Research

New Study Shows Urbanization Dynamics Over Space And Time

Iryna Dronova, Assistant Professor in Landscape Architecture & Environmental Planning

Team

Yang Ju, PhD student, LAEP, Assistant Professor Iryna Dronova, LAEP, Qin Ma, PhD candidate at University California, Merced and Xiang Zhang, research associate at Nanjing University

Partners

Landscape Architecture and Environmental Planning at the University of California, Berkeley
University of California, Merced

Project Description

Ph.D student Yang JuAssistant Professor Iryna Dronova, and their co-authors, Qin Ma, PhD candidate at University California, Merced, and Xiang Zhang, research associate at Nanjing University, recently published a paper using satellite-sensed night-time light images and machine learning to detect fine-scale urbanization trends over time. The paper, titled ‘Analysis of Urbanization Dynamics in Mainland China Using Pixel-based Nighttime Light Trajectories from 1992 to 2013’, was published in the International Journal of Remote Sensing’s special issue, Remote Sensing of Night-time Light, featuring the application and methodological innovations of night-time light remote sensing.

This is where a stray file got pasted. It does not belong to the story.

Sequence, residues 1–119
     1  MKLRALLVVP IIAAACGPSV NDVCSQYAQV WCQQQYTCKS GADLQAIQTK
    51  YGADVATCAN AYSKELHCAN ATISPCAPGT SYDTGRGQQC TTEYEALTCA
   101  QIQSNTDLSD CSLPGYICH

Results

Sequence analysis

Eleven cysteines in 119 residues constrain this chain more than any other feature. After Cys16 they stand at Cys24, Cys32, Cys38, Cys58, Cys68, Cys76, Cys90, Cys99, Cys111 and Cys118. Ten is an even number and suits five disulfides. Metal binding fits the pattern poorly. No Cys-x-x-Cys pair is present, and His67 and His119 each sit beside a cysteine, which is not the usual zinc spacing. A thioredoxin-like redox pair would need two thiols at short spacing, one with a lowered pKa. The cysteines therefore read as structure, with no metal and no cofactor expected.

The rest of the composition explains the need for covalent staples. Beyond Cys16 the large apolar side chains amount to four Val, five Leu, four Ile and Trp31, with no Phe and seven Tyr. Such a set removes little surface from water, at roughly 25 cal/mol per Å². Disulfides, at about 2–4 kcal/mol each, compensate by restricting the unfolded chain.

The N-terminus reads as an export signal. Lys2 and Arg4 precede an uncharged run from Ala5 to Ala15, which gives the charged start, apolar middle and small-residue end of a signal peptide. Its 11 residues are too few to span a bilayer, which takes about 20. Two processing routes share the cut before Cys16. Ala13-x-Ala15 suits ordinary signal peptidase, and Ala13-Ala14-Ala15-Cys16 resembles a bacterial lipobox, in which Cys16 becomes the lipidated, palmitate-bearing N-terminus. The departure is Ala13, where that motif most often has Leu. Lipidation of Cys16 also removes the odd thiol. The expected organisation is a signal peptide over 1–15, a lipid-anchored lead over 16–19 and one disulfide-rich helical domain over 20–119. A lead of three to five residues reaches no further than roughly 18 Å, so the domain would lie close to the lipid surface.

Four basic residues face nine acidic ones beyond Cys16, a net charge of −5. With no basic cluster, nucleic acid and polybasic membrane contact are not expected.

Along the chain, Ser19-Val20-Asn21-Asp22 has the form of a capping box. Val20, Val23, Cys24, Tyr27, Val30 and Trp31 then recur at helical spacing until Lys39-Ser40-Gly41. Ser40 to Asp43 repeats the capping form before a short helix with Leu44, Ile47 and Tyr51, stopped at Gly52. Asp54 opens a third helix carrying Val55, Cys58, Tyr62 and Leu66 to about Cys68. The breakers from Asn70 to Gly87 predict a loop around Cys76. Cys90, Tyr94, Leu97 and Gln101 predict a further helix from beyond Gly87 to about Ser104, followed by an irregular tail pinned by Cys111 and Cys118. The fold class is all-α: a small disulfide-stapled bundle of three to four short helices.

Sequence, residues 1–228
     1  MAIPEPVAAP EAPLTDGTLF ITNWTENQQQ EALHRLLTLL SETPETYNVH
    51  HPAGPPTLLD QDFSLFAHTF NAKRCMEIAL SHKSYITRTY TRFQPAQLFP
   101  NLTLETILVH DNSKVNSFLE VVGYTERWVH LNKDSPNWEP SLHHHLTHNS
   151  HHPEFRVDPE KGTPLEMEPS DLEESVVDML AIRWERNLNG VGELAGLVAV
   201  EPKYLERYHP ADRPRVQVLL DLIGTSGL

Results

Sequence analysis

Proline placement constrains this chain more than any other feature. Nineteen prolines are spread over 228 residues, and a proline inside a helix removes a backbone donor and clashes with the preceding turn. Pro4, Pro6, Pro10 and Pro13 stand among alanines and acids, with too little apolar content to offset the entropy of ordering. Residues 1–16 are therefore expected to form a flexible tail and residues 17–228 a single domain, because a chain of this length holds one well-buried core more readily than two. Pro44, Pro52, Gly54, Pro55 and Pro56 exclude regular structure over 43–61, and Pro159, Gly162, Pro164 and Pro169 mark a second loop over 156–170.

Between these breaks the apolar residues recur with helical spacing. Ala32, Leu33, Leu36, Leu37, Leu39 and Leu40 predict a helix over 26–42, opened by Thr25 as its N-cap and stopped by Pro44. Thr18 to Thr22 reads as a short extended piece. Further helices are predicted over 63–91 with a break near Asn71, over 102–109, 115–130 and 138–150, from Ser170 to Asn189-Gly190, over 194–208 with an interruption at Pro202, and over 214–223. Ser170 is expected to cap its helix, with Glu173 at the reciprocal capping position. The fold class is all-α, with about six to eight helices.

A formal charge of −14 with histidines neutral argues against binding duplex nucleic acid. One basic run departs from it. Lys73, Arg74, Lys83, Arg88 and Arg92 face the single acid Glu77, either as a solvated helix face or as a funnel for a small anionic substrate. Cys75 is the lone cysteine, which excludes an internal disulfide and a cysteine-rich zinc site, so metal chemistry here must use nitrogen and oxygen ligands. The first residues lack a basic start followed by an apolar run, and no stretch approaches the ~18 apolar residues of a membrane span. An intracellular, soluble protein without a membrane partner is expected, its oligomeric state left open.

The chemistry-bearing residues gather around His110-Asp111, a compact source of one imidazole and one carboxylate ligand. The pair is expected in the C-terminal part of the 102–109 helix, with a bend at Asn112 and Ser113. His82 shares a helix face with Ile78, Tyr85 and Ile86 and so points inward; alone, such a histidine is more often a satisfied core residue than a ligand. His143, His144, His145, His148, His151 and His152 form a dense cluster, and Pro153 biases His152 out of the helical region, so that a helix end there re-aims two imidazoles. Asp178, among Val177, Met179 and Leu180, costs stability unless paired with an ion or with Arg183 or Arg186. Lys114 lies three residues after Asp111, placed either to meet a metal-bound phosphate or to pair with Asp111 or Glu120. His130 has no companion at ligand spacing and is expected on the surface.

Understanding how urbanization progresses over both space and time has several important implications in planning and management. Night-time light sensing is suitable for determing that data reflects three major aspects of urbanization: urban land-cover expansion, population growth, and economic activity intensification. This paper developed a framework to use night-time light time-series trajectories to identify major typologies of urbanization trends at 1 km by 1 km resolution. With several machine learning techniques, the authors found five major trends – stable, high and low level steady growth, acceleration, and fluctuation, in mainland China between 1992 and 2013.

The paper focuses on one trend, acceleration, as it is a potential indicator for aggressive urbanization. The authors identified several spatial clusters of cities with high concentration of the acceleration trend. One cluster is in the Yangtze River Delta whose growth is facilitated by rural industries. The other is in the Inner Mongolian region where urbanization is stimulated by its rich natural resources and land-centered development policy.

Ju and Dronova concluded with observations about the promising future of using night-time light time-series to monitor urbanization, as this approach provides a low-cost, timely, and large-scale understanding about how urbanization happens over space and time. Ju is looking to apply this approach to other topics, such as understanding urban exposure to climate change, and assessing environmental disaster impact and recovery.

Read the journal article  here.